By Gabriel Uduafi
Events at the ongoing Presidential Election Petition Tribunal have again thrown up the foibles of Nigeria legal system.
Like in many cases, where lawyers and their clients try to bore down the legal process, the legal team of the Peoples Democratic Party (PDP) and its candidate, Alhaji Atiku Abubakar, appear to have a trick up their sleeves to ridicule the whole process.
Having keenly watched the whole scenario from day one, I surmise that if some things are not quickly addressed, a blame game will soon surface that the presidency or Buhari (as is usually the case these days of the opposition) is circumventing the process.
I’m neither in the legal team of any of the parties to the presidential petition but I think posterity will not forgive me as a lawyer if I keep silent over the way lawyers on the Atiku side are working assiduously to slow down activities at the tribunal.
First, it was the request that the Independent National Electoral Commission (INEC) should make available the materials used for the presidential election held on February 23, 2019 for inspection. The request was contained in an application filed by Chief Chris Uche (SAN) before the Presidential Election Petitions Tribunal at the Abuja Division of the Court of Appeal.
Even when this was granted, the party’s propaganda machinery still flooded the media with the shout that their request was not granted. By this time, days were counting and the clock was ticking, but everybody pretended as if everything was fine.
Fast forward to when the tribunal was inaugurated and Nigerians were expecting a smooth legal process, the party and its candidate again asked the President of the Court of Appeal, Justice Zainab Bulkachuwa, to recuse herself from presiding or sitting as a member of the Presidential Election Tribunal sitting over the petition filed by Atiku, who is contesting the declaration of President Muhammadu Buhari as winner of the February 23 polls.
The party premised its rejection of Justice Bulkachuwa’s membership of the tribunal on the ground that her husband is a Senator-elect from Bauchi State in the recent election on the platform of the All Progressives Congress (APC).
Even when many analysts had thought this would be a tall dream, it was shocking when a member of the Buhari legal team, Lateef Fagbemi (SAN), stood up at the sitting and urged the woman to consider the request in the interest of the eventful years she had put into her calling as a jurist.
As far as I’m concerned, it is a fact known to all the parties that the issue of a “server” for purposes of proving or contesting the outcome of an election in Nigeria is a non-starter, as there is no provision of such in Electoral Act to that effect.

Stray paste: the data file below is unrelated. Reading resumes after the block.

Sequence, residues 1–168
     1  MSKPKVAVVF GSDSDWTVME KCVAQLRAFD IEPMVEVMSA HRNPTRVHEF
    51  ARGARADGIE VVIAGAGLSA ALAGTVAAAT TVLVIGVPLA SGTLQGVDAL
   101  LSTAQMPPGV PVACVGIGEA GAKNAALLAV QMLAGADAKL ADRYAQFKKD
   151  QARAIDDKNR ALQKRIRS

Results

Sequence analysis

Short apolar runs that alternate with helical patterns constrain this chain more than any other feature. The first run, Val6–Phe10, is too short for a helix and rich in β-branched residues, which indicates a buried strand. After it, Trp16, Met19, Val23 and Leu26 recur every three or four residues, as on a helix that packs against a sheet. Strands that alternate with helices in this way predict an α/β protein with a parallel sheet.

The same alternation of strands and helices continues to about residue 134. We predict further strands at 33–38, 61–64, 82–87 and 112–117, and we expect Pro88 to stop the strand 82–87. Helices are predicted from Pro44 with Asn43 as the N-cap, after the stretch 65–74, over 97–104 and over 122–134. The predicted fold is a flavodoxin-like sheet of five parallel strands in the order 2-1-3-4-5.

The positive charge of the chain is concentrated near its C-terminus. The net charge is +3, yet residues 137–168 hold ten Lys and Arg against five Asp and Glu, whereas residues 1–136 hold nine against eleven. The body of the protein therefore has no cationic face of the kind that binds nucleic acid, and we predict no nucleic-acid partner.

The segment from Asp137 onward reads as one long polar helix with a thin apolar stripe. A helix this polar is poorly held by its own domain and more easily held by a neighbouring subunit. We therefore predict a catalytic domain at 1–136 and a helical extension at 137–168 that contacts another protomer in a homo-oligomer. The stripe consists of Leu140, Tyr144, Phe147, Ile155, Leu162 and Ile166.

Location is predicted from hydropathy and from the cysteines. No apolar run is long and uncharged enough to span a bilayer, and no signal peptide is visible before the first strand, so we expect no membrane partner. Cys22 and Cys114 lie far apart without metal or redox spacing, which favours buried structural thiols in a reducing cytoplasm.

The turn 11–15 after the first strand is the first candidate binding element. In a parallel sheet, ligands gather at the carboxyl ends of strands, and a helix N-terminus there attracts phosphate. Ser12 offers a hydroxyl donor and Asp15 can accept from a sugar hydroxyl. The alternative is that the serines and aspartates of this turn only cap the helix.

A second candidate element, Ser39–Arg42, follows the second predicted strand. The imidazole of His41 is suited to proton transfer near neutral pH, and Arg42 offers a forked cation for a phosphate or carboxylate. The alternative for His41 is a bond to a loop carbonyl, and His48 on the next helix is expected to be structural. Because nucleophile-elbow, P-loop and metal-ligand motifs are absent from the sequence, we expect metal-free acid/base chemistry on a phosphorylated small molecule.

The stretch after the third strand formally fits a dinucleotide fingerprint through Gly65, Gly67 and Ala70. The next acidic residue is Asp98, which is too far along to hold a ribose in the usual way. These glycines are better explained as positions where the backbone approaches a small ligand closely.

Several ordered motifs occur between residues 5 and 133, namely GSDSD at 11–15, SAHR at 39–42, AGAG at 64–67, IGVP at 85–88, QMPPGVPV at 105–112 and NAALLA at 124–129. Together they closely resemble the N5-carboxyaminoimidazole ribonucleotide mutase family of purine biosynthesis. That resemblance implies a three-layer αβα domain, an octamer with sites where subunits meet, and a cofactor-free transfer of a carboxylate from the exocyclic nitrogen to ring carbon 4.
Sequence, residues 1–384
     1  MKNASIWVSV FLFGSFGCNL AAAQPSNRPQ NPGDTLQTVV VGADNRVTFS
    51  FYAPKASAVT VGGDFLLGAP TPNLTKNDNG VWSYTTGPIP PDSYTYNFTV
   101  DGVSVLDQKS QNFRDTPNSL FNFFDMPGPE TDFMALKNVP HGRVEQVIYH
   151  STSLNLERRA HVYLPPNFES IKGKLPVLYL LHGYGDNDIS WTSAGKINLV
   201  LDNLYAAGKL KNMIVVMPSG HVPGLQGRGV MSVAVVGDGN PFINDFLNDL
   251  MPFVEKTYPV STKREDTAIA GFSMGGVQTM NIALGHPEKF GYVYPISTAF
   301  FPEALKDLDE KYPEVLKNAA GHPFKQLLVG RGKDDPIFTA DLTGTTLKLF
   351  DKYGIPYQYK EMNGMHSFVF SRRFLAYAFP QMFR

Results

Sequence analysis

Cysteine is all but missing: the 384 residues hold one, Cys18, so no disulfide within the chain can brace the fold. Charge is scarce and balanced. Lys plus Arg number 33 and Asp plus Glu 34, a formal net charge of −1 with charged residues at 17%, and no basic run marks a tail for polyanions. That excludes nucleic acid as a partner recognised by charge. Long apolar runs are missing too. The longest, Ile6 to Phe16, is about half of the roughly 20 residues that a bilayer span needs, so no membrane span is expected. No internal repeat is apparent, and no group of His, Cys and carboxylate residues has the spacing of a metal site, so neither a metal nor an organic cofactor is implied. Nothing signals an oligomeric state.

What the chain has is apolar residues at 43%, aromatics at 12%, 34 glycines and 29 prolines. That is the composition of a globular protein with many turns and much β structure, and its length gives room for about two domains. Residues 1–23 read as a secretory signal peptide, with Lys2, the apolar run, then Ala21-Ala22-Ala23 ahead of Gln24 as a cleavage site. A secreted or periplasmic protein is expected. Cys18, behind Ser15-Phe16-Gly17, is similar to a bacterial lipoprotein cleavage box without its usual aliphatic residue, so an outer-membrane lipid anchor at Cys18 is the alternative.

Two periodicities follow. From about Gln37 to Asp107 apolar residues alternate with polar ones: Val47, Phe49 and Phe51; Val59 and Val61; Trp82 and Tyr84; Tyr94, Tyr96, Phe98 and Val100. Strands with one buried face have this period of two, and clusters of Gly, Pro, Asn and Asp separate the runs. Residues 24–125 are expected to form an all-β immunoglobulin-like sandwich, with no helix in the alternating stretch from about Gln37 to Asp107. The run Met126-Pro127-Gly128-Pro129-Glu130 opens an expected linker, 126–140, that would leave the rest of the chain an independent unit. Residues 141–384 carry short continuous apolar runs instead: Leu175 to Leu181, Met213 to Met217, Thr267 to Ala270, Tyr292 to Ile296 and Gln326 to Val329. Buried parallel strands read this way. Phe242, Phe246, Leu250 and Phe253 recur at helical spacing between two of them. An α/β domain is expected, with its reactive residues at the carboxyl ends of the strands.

Recall that President Buhari refused to assent to the amendment of the law to allow the usage of server by INEC due to the fact that the entire country is yet to be covered by “networks.”
Till date, except we want to play God or create tension in the land, internet penetration has not reached many parts despite our so-called digital revolution. With this, it will be an effort in futility to be talking about a “server” in a judicial contest as a Presidential Election Petition Tribunal when same is not provided for in our laws and even more when many parts of Nigeria have no access to internet.
At this point, one may be forced to believe a joke at the Tribunal from the petitioner’s lawyers that Atiku has been scammed by smart ‘Yahoo Yahoo boys’ who impressed it on the former vice president that central server actually existed.
Ask Mike Ozekhome, SAN (Atiku), Festus Keyamo, SAN (Buhari) & Kayode Ajulo (APC), who ought to traditionally speak out about this popular joke, but owing to the fact that they are all counsel to parties at the Tribunal these senior lawyers have decided to keep mute.
However, my position may be different. Since the outcome of the 1979 election petition, which was ruled in favour of Alhaji Shehu Sagari, the winner of the election, I have come to realise that it is against public policy to nullify a presidential election.
In the cycle of legal practitioners, it is being debated till date that the panel that sat on Chief Obafemi Awolowo’s petition against Shagari knew that 12 was not the 2/3 of 19, but it was allowed to stand in the national interest. Knowing well that nullifying presidential result could lead to coup or breaking down of law and order, tribunals are always circumspect in taking decisions.
Again, while I’m not saying this to talk Atiku out of his decision, I’m using my open appeal to prepare his mind against unfavourable outcome of his case and the need for him to calm the nerves of his followers in the interest of all. But as I have always maintained, the petition itself is a stillbirth and it should be called so!